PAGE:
“The first thing I remember is that it was a big, warm house with food on the table. I remember looking into the pantry and it was full of food. It was hard for me to imagine that such a place even existed.”
These are Jaclyn King's first recollections of being placed into a foster home, at age seven, with her brother and sister.
Jaclyn's story is part of B.C. Child and Youth in Care Week, June 4-10, 2018, which marks a tradition that originated eight years ago because of advocacy by youth in and from care. It’s an opportunity to celebrate young people like Jaclyn for their diverse talents, accomplishments and resiliency, and show them that there is a community that supports and stands with them.
“A lot of the time, there wasn’t food in our own house,” said Jaclyn, now 22. Living with her young single mom and two siblings, she added, “We’d end up eating weird things just not to be hungry.”
Now that she’s older, she has more sympathy for her mother, who was struggling with drug and alcohol use, and had been ostracized by her family who were part of a religion Jaclyn described as “all or nothing”.
Between the ages of seven and 12, Jaclyn bounced between her mother’s place and a foster family. At 15, she decided to leave care and return to her mother. At that time, she was dating a man seven years older than she was, who was “really controlling”.
By the time Jaclyn was 18, her mother got fed up with the cycle of violence she was witnessing in her daughter’s relationship, and initiated a restraining order against Jaclyn’s boyfriend, who was eventually arrested and put in jail.
“Being away from him for a month let me see things differently,” she said.
At the time, she’d been getting support from a youth counsellor employed with Victim Services and Support. Jaclyn said she focused on school, and things were better with her mom.
“I really wanted to be my own person and I knew that couldn’t happen with him. I still see my ability to free myself from him as my biggest accomplishment,” she said.
She completed high school and in 2016, she graduated from an esthetics course in Nelson. She now works at a small medi-spa in Castlegar. One of her favourite things about the job is helping people feel better about themselves.
“They’ll come in and be apologetic about the condition of their feet or their skin, and by the time they leave I see how much better they feel about themselves.”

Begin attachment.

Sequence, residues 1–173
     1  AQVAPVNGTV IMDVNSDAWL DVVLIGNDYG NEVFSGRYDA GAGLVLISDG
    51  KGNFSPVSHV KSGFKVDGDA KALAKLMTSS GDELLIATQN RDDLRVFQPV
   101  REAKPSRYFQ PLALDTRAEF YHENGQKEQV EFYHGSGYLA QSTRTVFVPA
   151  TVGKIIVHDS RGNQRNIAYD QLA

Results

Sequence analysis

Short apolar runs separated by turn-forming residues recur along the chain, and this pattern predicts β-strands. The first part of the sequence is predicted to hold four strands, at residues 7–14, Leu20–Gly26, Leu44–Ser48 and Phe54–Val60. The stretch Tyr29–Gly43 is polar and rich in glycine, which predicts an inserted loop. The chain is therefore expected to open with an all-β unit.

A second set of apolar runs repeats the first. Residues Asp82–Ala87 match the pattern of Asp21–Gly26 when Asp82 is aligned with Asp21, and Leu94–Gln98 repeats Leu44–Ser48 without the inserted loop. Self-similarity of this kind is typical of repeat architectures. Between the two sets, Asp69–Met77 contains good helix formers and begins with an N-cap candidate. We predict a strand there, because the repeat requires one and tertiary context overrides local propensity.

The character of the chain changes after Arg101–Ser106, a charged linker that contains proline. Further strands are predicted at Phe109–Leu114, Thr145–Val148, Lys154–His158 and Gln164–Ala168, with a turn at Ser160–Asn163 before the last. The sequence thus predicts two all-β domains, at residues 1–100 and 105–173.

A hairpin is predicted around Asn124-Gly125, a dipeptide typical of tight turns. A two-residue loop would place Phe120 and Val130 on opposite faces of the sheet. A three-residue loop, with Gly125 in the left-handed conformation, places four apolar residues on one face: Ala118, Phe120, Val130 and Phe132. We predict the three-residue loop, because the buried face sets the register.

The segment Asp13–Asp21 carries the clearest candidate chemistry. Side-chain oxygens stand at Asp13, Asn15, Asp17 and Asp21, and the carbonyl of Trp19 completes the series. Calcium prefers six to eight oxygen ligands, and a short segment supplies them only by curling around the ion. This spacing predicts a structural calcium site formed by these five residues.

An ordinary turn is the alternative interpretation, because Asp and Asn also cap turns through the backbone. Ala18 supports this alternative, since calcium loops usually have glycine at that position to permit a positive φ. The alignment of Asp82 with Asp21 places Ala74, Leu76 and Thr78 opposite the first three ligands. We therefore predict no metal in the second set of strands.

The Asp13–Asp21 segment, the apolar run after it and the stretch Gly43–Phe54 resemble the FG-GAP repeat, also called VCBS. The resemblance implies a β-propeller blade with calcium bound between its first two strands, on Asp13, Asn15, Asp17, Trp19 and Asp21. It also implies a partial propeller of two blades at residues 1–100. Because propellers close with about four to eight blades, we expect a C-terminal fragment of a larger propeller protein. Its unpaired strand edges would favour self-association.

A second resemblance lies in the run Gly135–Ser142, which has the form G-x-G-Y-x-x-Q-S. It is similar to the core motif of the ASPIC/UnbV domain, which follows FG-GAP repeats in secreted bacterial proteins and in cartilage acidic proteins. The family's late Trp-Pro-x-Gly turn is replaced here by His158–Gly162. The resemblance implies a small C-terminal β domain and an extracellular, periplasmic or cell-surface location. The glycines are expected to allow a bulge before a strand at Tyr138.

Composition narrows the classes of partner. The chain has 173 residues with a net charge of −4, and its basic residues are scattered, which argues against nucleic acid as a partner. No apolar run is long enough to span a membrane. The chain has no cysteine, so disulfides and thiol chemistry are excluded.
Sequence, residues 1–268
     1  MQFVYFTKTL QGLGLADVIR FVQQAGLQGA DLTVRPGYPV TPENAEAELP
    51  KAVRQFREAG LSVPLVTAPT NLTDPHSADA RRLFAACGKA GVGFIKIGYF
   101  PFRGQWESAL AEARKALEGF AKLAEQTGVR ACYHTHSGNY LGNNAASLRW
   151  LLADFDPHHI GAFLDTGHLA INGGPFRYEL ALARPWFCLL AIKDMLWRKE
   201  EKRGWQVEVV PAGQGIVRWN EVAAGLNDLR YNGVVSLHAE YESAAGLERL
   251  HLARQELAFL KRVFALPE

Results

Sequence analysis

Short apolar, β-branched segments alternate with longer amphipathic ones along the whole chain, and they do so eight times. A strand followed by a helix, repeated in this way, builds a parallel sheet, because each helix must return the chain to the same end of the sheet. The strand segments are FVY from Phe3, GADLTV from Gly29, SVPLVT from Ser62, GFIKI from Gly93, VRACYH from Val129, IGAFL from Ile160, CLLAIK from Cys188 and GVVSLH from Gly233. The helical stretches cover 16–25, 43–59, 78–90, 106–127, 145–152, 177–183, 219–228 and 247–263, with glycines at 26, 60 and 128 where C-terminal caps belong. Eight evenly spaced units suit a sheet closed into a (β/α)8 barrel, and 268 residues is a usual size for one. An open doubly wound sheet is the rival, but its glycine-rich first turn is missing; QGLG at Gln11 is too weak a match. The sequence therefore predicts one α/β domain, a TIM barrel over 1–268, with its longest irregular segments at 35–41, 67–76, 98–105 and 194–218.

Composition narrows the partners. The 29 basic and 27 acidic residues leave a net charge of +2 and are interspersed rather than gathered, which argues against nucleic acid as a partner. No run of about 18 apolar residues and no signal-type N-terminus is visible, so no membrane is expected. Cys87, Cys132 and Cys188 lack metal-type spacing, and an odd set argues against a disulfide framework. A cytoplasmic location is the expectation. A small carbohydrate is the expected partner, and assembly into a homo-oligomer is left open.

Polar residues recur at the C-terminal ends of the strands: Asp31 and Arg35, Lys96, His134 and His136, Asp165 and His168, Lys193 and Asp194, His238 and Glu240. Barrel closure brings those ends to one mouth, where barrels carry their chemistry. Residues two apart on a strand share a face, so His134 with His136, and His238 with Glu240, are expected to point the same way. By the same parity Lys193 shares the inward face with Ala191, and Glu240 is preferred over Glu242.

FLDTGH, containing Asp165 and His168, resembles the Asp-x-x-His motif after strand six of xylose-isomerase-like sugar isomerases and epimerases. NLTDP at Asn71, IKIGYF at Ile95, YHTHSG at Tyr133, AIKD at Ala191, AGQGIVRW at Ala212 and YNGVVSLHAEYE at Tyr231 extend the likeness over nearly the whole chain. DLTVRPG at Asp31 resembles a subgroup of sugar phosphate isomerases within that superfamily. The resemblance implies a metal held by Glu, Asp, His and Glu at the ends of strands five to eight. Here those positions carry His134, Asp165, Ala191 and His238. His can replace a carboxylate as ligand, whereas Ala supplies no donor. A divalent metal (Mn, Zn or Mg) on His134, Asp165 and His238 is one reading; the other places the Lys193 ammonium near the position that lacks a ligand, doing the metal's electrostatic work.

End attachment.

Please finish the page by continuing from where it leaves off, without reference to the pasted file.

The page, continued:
Her long-term goals are to go back to school to become a registered nurse. “Financial independence is really important to me,” she said.
This year, Jaclyn signed on to the ministry’s Youth Advisory Council, an opportunity that came through a very unlikely source.
“One day a woman came into the spa to have her eyebrows waxed. We got talking and we realized we knew of each other.”
The woman supervised the social workers who were responsible for Jaclyn’s file during her time in care. At the end of the appointment, with her client’s eyebrows perfected, the woman who had monitored Jaclyn’s status on paper as a child and young teen had planted an idea. She asked if Jaclyn would consider volunteering on the ministry’s Youth Advisory Council.
And Jaclyn decided the time was right.
“Sometimes life works in mysterious ways,” she said. “I’m just glad to have this opportunity to have my voice heard. I want kids in care to know that life does get better and that they’re surrounded by tons of support.”
- The Ministry of Children and Family Development partners with the Federation of BC Youth in Care Networks, the Adoptive Families Association of BC, the Indigenous Perspectives Society, the Public Guardian and Trustee of British Columbia, First Call, and the Federation of Community Social Services of BC to host celebratory events around the province during BC Child and Youth in Care Week.
Children and youth in care need diverse, loving and capable caregivers. Learn more about foster caregiving at: https://fosteringconnections.ca/
Ministry of Children and Family DevelopmentGovernment Communications and Public Engagement